Eritrean leader comments on donor-dependency, ties with Israel
Asmara, Eritrea, 20 July 2004 - Eritrean President Isayas
Afewerki has said there can be no partnership between a donor and a beggar,
stressing that his country will not follow some other African nations which are
ordered around by those who help them. In an interview to Eritrean radio and
television, President Isayas denied that appointment of ambassador to Israel
marks a foreign policy change. The following is an excerpt from the interview
broadcast by Eritrean radio on 18 July; subheadings inserted editorially
[Interviewer] Moving on to foreign policy, Eritrea pursues;
policy of partnership and mutual development. It has a clear policy. How does
this policy fare in the diplomatic circles? How are our relations America, Europe
and Africa? And how is our role in regional organizations such as IGAD
[Inter-Governmental Authority on Development], the Community of Sahel-Sahara
States and the African Union at large? Eritrea is said in the process of
opening an embassy in Israel, and how will this affect our relations with Arab
[Isayas] We have been talking about our international
affairs. Your external relations are always linked to your internal situation.
We call it partnership. Partnership can only exist between equal and
independent people. There can be no partnership between a donor and a beggar.
What kind of partnership can exist between a donor and a beggar? The donor has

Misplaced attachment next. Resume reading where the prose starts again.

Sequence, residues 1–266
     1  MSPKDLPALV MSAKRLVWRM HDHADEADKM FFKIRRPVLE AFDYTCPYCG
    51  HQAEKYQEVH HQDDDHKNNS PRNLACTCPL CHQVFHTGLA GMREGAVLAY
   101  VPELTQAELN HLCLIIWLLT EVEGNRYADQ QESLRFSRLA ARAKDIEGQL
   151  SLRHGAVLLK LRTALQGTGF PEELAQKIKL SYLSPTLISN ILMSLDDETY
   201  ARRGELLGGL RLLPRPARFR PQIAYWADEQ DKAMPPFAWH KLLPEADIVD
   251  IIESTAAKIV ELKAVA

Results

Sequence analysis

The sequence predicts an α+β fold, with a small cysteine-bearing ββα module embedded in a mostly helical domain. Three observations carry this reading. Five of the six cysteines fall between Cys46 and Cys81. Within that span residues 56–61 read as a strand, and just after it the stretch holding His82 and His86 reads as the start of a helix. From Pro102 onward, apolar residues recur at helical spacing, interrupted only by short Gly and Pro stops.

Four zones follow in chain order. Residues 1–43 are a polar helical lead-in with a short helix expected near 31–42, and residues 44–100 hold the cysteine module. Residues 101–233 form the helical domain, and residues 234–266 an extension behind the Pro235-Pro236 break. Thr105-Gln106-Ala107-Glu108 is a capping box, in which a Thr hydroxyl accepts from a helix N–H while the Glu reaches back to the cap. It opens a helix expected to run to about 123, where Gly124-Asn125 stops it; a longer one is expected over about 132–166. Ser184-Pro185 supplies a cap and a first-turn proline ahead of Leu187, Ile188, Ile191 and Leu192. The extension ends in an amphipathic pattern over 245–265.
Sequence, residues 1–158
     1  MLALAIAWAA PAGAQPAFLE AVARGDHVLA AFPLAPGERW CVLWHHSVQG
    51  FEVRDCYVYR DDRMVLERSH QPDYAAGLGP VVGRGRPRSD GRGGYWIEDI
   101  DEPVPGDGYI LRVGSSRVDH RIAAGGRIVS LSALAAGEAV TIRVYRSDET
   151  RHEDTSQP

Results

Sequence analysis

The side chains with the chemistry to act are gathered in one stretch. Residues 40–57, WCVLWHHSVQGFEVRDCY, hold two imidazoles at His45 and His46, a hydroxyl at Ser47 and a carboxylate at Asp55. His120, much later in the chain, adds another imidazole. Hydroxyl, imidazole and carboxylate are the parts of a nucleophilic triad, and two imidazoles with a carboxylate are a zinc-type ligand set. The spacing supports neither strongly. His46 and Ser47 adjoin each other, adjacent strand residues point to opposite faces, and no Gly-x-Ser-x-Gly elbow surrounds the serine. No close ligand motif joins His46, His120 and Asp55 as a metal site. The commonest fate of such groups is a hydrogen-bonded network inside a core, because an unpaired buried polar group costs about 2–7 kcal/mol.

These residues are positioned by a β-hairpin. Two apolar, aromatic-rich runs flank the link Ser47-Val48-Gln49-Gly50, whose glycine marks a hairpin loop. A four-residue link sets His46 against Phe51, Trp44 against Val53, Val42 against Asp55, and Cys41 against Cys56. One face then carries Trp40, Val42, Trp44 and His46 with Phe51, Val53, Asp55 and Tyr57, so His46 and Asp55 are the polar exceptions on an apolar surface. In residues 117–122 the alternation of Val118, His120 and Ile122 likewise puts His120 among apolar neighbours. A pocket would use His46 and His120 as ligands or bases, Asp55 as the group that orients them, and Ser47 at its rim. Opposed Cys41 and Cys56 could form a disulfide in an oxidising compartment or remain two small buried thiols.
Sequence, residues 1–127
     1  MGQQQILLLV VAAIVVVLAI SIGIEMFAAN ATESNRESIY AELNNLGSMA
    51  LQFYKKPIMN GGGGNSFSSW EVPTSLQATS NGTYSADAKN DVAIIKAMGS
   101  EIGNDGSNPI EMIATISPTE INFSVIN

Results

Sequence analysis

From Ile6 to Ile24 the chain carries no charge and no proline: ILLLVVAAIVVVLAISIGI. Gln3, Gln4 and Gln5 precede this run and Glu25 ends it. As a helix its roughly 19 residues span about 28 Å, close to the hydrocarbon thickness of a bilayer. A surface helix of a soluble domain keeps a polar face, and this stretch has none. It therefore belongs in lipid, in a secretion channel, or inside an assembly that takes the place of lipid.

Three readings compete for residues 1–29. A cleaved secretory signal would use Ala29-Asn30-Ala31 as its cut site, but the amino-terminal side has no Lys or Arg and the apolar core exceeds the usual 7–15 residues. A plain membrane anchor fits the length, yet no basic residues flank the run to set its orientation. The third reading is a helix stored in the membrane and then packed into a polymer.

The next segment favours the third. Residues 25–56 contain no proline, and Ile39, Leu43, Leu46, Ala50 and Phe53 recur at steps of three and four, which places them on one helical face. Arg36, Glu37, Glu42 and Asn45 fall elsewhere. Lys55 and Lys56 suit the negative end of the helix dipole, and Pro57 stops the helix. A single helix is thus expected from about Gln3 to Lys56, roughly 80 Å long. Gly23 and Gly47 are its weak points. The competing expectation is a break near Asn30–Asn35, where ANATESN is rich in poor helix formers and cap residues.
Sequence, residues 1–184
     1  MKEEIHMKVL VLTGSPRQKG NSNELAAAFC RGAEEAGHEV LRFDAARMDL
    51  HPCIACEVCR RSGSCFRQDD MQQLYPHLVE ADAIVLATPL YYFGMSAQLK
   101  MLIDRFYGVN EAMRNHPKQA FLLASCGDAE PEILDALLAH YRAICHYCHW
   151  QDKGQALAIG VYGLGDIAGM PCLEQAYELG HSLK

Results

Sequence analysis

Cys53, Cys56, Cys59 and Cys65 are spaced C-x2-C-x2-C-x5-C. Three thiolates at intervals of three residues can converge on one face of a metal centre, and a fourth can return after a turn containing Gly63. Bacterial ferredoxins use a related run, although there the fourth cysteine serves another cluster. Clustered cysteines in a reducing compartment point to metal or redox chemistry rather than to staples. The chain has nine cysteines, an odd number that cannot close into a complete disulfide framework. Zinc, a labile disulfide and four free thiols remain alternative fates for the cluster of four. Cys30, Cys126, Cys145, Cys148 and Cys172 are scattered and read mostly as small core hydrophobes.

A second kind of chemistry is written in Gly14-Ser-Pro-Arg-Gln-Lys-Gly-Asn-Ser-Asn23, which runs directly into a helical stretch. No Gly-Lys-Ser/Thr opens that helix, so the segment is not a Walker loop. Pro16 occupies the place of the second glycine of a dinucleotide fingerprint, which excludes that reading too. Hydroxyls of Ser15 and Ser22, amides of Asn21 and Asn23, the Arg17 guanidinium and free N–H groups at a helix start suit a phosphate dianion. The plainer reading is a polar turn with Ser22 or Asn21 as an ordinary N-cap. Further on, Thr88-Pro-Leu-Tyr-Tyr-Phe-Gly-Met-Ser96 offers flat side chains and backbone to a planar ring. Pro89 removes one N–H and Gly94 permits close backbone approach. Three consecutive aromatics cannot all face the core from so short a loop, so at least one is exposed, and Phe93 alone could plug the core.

his own mentality and he cannot consider it a partnership. He views you as a
beggar, so you are not his partner. Partnership is a concept that respects the
dignity of nations and peoples. However, partnership cannot be realized only
with emotions and goodwill. To say that you are in partnership, you have to be
able to stand on your feet. To be in a partnership, we have to first ensure our
economic independence. We have to be independent. We have to be able to export
Begging is being considered a profession in many countries.
You should not expect to live on handouts. For a regional and international
partnership to be meaningful, we have to improve ourselves before accusing and
(?cursing) others. However, many countries do not like this. The donor develops
a habit or mentality of a provider. He may seem humane or interested, but he
always suffers [from his mentality]. He does not want the beggar to be free and
independent. He always expects the beggar to come and ask him for a favour.
There are many governments in this world that want to be donors forever while expecting
others to remain beggars. An individual or a government that has developed the
mentality of a donor does not want to see the economic independence of others.
If we want to establish a real partnership, we have to
ensure our economic, cultural as well as decision-making independence. Anybody
who awaits handouts from others cannot have freedom of decision making. He
cannot make decisions. So if you are to establish a partnership, you need to be
independent yourself first.
This kind of policy of ours has been putting us into